Arlington County Board members on Dec. 12 opted to back off proposed verbiage in their 2021 legislative-priorities package that apparently left a bad taste in the mouths of local law enforcement.
Board members voted to change wording of a proposal that asks the General Assembly to grant Arlington power to expand the use of speed cameras across the community.
In the original draft of the proposal, the one-paragraph policy statement said that giving localities more authority in automated traffic enforcement “has the potential to improve safety, reduce unnecessary interactions between residents and police and further advance equitable outcomes by reducing or eliminating raced-based disparities in speed enforcement.”
It was that last part that apparently raised hackles, particularly since there has been no evidence presented that Arlington police make traffic-ticket decisions on the basis of race.
“The language made it seem we thought there were definitely problems on traffic enforcement – I don’t believe there are,” said County Board Chairman Libby Garvey. “I don’t want the language to make it sound like we were concerned about that.”
Garvey, perhaps tacitly acknowledging that local police agencies across the region are feeling increasingly irritable toward elected officials running area jurisdictions, asked that the language be changed to “reducing or eliminating the possibility of raced-based disparities in speed enforcement.”
Board members OK’d the revision on a 5-0 vote, while also supporting the broader concept of using electronic devices to cut down on the need for police to issue citations themselves.
“We want to reduce the amount of times that potential conflicts can turn into something that is unintended,” said County Board member Christian Dorsey.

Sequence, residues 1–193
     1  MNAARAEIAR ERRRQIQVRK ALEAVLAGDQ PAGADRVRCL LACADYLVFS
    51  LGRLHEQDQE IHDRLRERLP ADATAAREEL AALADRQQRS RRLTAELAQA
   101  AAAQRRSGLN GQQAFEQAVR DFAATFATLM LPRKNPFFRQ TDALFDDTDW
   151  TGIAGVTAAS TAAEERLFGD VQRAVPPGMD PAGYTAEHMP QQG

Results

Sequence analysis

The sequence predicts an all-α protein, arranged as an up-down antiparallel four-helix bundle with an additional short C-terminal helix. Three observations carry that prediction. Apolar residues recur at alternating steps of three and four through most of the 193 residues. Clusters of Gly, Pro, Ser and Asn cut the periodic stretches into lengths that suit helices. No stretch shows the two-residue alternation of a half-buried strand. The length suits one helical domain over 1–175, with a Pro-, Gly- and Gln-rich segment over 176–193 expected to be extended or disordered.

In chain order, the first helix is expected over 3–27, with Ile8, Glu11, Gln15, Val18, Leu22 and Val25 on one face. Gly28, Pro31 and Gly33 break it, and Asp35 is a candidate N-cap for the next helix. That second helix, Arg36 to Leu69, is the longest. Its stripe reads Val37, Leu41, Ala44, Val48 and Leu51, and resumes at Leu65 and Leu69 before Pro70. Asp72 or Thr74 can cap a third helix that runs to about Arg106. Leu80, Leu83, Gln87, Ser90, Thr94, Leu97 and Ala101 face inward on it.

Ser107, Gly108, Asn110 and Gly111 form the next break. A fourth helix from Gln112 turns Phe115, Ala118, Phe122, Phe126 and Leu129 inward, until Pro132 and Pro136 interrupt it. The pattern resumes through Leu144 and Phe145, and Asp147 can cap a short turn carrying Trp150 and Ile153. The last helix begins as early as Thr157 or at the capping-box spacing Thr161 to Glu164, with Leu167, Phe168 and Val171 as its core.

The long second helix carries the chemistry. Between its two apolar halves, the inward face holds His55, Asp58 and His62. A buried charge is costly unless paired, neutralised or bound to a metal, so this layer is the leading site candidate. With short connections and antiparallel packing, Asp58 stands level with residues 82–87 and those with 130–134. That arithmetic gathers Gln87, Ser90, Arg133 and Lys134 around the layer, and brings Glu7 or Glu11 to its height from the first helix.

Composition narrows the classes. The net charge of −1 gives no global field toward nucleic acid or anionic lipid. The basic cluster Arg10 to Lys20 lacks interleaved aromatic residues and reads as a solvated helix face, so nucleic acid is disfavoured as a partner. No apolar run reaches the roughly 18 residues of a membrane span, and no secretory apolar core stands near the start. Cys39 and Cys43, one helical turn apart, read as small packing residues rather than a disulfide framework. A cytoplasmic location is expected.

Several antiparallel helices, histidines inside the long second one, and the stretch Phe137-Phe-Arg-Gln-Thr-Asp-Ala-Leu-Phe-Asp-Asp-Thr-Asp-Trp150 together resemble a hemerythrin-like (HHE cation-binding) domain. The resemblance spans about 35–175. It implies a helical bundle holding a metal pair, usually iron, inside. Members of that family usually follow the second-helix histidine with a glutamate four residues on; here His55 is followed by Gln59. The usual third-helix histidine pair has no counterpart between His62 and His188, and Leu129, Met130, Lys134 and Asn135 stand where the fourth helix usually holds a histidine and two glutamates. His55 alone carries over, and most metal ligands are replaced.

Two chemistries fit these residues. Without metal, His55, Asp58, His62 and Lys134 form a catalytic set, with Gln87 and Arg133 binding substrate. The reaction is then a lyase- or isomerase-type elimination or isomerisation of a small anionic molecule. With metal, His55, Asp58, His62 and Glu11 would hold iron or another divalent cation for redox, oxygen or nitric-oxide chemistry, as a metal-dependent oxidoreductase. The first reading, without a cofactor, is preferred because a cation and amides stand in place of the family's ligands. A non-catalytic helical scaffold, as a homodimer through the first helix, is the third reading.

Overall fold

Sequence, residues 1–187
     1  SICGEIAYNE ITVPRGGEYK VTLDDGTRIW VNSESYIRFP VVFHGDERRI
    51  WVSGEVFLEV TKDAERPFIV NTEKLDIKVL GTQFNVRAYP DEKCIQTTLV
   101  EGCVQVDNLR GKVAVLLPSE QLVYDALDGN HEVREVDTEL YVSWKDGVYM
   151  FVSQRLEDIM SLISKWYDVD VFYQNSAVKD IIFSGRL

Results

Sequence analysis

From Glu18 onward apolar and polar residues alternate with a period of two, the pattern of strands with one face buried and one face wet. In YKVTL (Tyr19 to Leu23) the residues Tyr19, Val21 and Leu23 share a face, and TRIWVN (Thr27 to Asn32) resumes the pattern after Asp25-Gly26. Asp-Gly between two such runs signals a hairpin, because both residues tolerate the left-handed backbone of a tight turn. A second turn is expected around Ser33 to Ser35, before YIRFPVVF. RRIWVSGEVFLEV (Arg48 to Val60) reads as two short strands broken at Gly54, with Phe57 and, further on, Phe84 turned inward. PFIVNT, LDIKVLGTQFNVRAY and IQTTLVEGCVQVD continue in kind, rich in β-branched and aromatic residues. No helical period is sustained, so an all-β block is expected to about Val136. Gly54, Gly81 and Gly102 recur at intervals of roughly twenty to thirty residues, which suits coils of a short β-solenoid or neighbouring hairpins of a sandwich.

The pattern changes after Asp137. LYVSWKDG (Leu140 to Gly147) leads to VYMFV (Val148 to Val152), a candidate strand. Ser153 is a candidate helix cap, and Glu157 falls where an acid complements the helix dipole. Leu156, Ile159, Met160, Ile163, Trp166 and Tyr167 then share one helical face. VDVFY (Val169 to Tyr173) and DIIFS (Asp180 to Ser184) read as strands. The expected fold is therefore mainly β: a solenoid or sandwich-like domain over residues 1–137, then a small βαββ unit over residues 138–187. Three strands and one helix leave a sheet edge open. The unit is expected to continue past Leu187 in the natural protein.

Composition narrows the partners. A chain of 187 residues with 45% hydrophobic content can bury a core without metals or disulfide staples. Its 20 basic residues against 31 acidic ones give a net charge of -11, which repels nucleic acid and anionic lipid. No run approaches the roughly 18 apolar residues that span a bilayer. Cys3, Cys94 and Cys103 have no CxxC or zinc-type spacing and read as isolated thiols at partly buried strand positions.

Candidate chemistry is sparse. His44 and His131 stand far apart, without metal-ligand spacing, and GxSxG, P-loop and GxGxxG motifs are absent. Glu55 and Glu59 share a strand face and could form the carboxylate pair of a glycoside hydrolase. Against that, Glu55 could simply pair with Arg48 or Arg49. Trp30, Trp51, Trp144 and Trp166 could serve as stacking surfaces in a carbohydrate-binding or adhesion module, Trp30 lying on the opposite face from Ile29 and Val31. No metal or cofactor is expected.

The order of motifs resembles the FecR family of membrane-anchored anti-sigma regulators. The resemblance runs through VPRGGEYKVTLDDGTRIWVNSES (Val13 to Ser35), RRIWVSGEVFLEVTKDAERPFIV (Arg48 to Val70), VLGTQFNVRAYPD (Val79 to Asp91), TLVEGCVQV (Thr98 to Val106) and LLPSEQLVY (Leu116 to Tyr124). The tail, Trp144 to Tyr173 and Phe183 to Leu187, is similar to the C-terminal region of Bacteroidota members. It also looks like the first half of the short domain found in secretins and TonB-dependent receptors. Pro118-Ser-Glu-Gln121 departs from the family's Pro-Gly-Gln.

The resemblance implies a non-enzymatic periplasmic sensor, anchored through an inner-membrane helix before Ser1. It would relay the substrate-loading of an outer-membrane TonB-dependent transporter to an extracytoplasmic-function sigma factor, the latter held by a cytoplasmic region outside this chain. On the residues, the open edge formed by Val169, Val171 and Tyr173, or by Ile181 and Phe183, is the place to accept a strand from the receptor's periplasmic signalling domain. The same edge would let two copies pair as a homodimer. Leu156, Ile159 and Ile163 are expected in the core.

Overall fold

In a measure recently enacted by the legislature but not yet implemented by Arlington officials, localities have the power to install “automatic traffic enforcement” (for speeding 10 mph above the posted limit in school zones and work zones). Arlington’s request of the legislature is to broaden that authority community-wide.
The broader measure was proposed by the Transportation Commission, which suggested not only speed enforcement, but also enforcement of stop-sign running, be done by electronic means.
(Virginia localities already have the power to set up cameras to catch red-light runners, but are limited by state law to using them at just a few intersections.)
Board members approved the legislative wish list at their Dec. 12 meeting. The package will be forwarded to the seven members of the county’s General Assembly delegation.
The General Assembly is set to open its 2021 session in early January for what ordinarily would be a 46-day session. But Republican leaders have vowed to use procedural means to limit the session to 30 days, saying the lengthy special session earlier this year provided ample opportunity for pressing legislation to be addressed, negating the need for a longer winter session.
If Republicans can force the Democratic majority to stick to the 30-day timetable, it may make it difficult to process the thousands of bills patroned by legislators each year, which would further the likelihood that ancillary pieces of legislation would be left behind.
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